Heart Arrhythmia

An arrhythmia is an irregular or abnormal heartbeat. A heart arrhythmia may occur when the electrical impulses that control the beating of the heart do not work properly, causing the heart to beat too slowly, too rapidly, or irregularly. While most arrhythmias are harmless, they may be an indication of a serious underlying condition, such as heart disease or a lack of blood flow to the heart. Heart arrhythmias are not uncommon and may be congenital or caused by various factors.

Types of Heart Arrhythmia

There are different types of arrhythmia; they are classified by the speed of the heart rate, and the area of the heart in which they originate. Types of arrhythmia include the following:

  • Bradycardia, a slow heart rhythm
  • Tachycardia, a fast heart rhythm
  • Supraventricular, occurring in the atria
  • Ventricular, occurring in the ventricles

Atrial fibrillation is another common type of arrhythmia, and one of the most serious. It is characterized by a very fast heartbeat that is caused by chaotic electrical impulses in the atria of the heart. Atrial fibrillation can lead to stroke or heart failure as a result of blood clots that block the blood flow to the brain or heart.

Causes of Heart Arrhythmia

There are many factors that may cause heart arrhythmia and, in some cases, it may be caused by an underlying medical conditions. An injury to the heart from chest trauma or heart surgery may lead to arrhythmia. Additional causes of heart arrhythmia include the following:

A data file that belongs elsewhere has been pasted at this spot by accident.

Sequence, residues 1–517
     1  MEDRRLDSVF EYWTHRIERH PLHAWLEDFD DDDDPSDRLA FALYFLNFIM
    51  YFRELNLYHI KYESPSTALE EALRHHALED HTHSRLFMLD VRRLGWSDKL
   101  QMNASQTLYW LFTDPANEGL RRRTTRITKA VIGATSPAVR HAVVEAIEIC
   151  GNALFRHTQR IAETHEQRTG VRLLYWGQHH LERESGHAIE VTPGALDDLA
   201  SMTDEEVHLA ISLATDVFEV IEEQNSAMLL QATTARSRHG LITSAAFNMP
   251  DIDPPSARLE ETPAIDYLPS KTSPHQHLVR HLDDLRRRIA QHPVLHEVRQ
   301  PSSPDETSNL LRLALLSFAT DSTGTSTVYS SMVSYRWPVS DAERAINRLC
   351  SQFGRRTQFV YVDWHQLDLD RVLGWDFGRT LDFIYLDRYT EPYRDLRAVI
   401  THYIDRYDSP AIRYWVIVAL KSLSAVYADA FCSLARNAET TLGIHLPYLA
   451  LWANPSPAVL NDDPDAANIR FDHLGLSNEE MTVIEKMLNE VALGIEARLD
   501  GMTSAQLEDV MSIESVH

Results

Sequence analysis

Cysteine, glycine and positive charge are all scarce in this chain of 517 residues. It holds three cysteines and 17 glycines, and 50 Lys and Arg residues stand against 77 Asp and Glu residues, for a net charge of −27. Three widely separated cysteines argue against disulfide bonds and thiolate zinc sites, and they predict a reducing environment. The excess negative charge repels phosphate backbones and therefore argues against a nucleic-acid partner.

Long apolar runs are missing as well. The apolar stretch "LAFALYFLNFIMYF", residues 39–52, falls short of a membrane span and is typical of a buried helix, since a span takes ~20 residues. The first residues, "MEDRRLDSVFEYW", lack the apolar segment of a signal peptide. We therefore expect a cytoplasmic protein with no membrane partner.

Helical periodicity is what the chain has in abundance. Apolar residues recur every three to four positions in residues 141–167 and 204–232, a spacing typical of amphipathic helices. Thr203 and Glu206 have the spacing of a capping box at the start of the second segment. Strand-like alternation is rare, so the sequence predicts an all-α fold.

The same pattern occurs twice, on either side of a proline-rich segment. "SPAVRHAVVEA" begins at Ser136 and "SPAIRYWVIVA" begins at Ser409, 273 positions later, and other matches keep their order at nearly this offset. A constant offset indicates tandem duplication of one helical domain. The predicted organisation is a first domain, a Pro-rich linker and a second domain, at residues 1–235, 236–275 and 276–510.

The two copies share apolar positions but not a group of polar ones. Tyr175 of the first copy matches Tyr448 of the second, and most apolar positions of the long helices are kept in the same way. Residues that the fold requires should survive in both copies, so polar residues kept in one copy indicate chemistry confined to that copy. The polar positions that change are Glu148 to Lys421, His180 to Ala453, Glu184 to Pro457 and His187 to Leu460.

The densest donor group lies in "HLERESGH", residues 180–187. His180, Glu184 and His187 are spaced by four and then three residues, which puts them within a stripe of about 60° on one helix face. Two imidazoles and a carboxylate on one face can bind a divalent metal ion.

• High blood pressure
  • Coronary artery disease
  • Heart failure
  • Hyperthyroidism
  • Hypothyroidism
  • Current or prior heart attack
  • Obesity
  • Diabetes
  • Stress
  • Congenital heart disease

Behaviors such as smoking, consuming excessive amounts of alcohol or caffeine, using certain prescription drugs, and abusing drugs can cause heart arrhythmia.

Symptoms of Heart Arrhythmia

Some arrhythmias are so brief that the overall heart rate is not greatly affected. When arrhythmias last longer, they may cause the heart to beat too slow or too fast, resulting in a heart that pumps blood less effectively. Symptoms of a heart arrhythmia may include:

  • Fluttering in the chest (palpitations)
  • Dizziness
  • Fainting
  • Racing heart beat
  • Shortness of breath
  • Chest pain

Symptoms may vary depending on the type of arrhythmia, and some patients may not experience any symptoms.

Diagnosis of Heart Arrhythmia

A heart arrhythmia may be diagnosed through a physical examination and a review of symptoms. Diagnostic tests include an electrocardiogram to measure the electrical activity of the heart, and a chest X-ray to detect any abnormalities within the heart. Additional tests may include:

  • Stress test
  • Echocardiogram
  • Electrophysiological tests

The doctor may recommend that the patient wear a holter monitor for a few days to get an accurate reading of the heart's activity. A holter monitor is a small, portable device that continuously records the heart's rhythms, and records the electrical activity of the heart.

Treatment of a Heart Arrhythmia

Treatment for a heart arrhythmia varies depending on the severity and underlying cause of the arrhythmia. Mild heart arrhythmias may require no treatment at all. Bradycardia (slow heart beat) may be treated with a pacemaker to stimulate the heart to beat at a steady rate. A pacemaker is a small device, implanted under the skin near the collarbone, that sends out electrical impulses through the blood vessels to the heart. Other treatments for heart arrhythmia include:

  • Medication
  • Catheter ablation
  • Cardioversion
  • Implantable cardioverter defibrillator

In some cases, surgery is performed to treat arrhythmia, often for cases caused by heart disease. Coronary artery bypass surgery may be performed to improve blood supply to the heart, while valve repair surgery may correct an arrhythmia as well.

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